The U.S. Treasury Department said today it is developing a floating-rate note program that could be operational in a year or more, while it is preparing for possible negative-rate bidding.
The Treasury also plans to sell $72 billion in notes and bonds in next week’s refunding, it said in a statement in Washington. The Treasury intends to auction $32 billion in 3- year notes on Aug. 7, $24 billion in 10-year notes on Aug. 8 and $16 billion in 30-year bonds on Aug. 9.
The floating-rate notes would be the first new U.S. government debt security since Treasury Inflation-Protected Securities, known as TIPS, were introduced in 1997. With a budget deficit estimated at $1.21 trillion this year, the Treasury needs to expand its base of investors, and the notes may appeal to those who are seeking to protect themselves from a possible increase in interest rates or faster inflation stemming from the Federal Reserve’s unprecedented stimulus.
“People are nervous about fixed-rate instruments because of rising rates,” said William Larkin, a fixed-income money manager who helps oversee $500 million at Cabot Money Management Inc. in Salem, Massachusetts. “The floating-rate notes remove that risk for investors, so it makes the Treasury’s source of capital a little bit more stable.”
The Treasury Borrowing Advisory Committee, the bond dealers and investors who meet quarterly with department officials, said it unanimously supports the introduction of the notes as soon as possible. The group predicted “strong, broad-based demand for the product.”
Capital and liquidity requirements from the 2010 overhaul of financial regulation in the Dodd-Frank Act, and from the Basel III global rules, have increased demand for short-term, high-quality debt at a time when supply has diminished.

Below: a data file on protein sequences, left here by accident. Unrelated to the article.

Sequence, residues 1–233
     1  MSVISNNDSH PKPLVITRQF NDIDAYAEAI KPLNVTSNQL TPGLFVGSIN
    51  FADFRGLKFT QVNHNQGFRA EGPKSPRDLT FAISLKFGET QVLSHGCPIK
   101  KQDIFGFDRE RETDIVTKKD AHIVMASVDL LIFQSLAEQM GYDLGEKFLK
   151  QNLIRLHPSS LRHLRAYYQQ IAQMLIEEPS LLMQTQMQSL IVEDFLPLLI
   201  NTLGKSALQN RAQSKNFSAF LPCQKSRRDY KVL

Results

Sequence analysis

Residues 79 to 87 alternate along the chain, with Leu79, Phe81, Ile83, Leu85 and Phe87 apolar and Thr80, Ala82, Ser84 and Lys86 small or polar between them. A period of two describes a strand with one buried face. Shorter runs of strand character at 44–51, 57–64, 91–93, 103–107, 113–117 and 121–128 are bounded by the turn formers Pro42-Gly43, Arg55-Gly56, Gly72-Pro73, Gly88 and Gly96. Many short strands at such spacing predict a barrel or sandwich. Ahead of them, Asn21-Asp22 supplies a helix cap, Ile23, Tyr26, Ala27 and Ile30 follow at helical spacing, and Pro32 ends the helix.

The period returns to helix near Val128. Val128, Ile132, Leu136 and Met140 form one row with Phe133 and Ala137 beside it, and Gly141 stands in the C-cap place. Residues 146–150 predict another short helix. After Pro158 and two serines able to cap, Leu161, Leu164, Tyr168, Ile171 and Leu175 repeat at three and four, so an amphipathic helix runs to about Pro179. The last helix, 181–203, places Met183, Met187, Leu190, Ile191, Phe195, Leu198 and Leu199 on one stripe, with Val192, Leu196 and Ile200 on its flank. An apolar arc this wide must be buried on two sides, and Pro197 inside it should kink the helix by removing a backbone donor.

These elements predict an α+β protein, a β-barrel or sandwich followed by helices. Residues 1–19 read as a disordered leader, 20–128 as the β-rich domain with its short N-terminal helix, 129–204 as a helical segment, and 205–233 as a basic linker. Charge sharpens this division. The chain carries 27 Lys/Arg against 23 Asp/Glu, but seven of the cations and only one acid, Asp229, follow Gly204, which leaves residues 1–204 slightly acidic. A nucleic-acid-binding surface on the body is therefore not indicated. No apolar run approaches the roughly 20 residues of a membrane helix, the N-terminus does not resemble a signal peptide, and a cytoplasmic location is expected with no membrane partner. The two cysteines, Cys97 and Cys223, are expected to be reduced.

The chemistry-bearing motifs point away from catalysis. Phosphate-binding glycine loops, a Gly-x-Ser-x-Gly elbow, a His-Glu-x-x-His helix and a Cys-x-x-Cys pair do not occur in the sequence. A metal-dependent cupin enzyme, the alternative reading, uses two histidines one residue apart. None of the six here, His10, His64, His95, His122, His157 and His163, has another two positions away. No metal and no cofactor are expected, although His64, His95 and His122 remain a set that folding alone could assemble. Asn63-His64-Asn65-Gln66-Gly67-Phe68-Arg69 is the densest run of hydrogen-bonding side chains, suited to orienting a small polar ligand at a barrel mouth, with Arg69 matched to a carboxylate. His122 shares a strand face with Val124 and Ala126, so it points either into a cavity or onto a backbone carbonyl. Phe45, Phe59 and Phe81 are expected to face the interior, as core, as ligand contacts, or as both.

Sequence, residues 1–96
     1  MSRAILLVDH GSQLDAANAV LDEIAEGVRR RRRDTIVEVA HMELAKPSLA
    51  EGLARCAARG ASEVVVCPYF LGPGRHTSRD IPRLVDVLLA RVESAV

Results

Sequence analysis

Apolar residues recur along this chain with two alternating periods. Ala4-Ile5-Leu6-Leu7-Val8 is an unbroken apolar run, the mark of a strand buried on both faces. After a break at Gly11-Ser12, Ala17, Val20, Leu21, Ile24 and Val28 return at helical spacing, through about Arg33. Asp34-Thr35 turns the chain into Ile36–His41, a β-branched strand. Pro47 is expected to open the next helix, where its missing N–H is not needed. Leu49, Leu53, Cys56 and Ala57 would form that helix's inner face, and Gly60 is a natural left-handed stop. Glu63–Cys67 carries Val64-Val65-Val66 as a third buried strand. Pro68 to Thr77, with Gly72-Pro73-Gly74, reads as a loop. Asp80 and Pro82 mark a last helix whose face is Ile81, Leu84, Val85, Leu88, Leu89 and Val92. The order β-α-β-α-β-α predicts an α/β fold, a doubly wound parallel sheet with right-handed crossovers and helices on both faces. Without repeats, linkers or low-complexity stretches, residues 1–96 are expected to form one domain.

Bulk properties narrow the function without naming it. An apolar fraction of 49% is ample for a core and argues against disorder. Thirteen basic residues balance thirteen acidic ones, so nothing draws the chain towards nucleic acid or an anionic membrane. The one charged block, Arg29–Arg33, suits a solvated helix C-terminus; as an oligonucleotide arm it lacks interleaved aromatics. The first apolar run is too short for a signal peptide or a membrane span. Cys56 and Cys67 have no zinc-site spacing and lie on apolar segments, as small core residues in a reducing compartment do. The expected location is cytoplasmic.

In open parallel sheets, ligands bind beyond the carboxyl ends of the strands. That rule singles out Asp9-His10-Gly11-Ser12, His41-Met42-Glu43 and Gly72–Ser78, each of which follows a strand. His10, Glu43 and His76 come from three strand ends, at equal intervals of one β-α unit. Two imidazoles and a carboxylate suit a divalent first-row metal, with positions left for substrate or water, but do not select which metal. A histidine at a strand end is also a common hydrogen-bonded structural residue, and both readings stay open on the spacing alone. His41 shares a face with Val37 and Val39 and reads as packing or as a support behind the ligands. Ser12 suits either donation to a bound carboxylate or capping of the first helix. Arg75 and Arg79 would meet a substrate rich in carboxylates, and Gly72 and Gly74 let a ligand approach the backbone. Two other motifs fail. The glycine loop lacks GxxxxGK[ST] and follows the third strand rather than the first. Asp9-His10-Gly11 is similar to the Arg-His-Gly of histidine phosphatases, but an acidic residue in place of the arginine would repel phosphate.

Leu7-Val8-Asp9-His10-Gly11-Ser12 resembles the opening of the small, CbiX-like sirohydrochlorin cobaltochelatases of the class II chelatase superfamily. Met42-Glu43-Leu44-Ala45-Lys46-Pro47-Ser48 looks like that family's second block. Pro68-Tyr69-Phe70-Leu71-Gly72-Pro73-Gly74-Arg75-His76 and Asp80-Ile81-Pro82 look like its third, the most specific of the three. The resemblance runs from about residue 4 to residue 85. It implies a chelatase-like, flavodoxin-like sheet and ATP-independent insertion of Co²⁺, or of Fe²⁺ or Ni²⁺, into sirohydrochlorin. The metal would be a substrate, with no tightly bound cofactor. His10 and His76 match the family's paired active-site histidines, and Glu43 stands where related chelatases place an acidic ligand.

“Treasury plans to develop a floating-rate note program to complement the existing suite of securities issued and to support our broader debt-management objectives,” the department said in a statement. It said the first auction “is estimated to be at least one year away.”
Still, floating-rate notes pose risks for the Treasury, according to Campbell Harvey, a finance professor at Duke University’s Fuqua School of Business in Durham, North Carolina. If interest rates rise from historic lows, the Treasury will need to pay investors more to borrow, he said in an April interview.
The yield on benchmark 10-year Treasury note rose to 1.51 percent at 11:55 a.m. New York time from 1.47 percent late yesterday. Ten-year U.S. yields fell to a record 1.379 percent on July 25.
The Treasury also said it is “in the process of building the operational capabilities to allow for negative-rate bidding in Treasury bill auctions, should we make the determination to allow such bidding in the future.”
Investors who bid at auctions for Treasury bills at negative yields would pay more than face value for the securities, ensuring that if they hold the debt to maturity they will get back less than they paid.
The Treasury also said that the U.S. debt limit is likely to be reached at the end of this year, and it expects to use “extraordinary measures” to fund the government into early 2013.
The Obama administration said July 27 it is forecasting the federal budget deficit will be $1.21 trillion this year, down from $1.33 trillion projected in February. The U.S. faces a so- called fiscal cliff of higher taxes and reductions in spending on defense and other government programs that will take effect at year-end unless Congress acts.
Congressional leaders said yesterday they will vote in September on a $1.047 trillion, six-month stopgap measure that would keep the government operating after the start of the fiscal year on Oct. 1. The measure would give lawmakers more time to debate how to avoid about $600 billion of spending cuts and tax increases.
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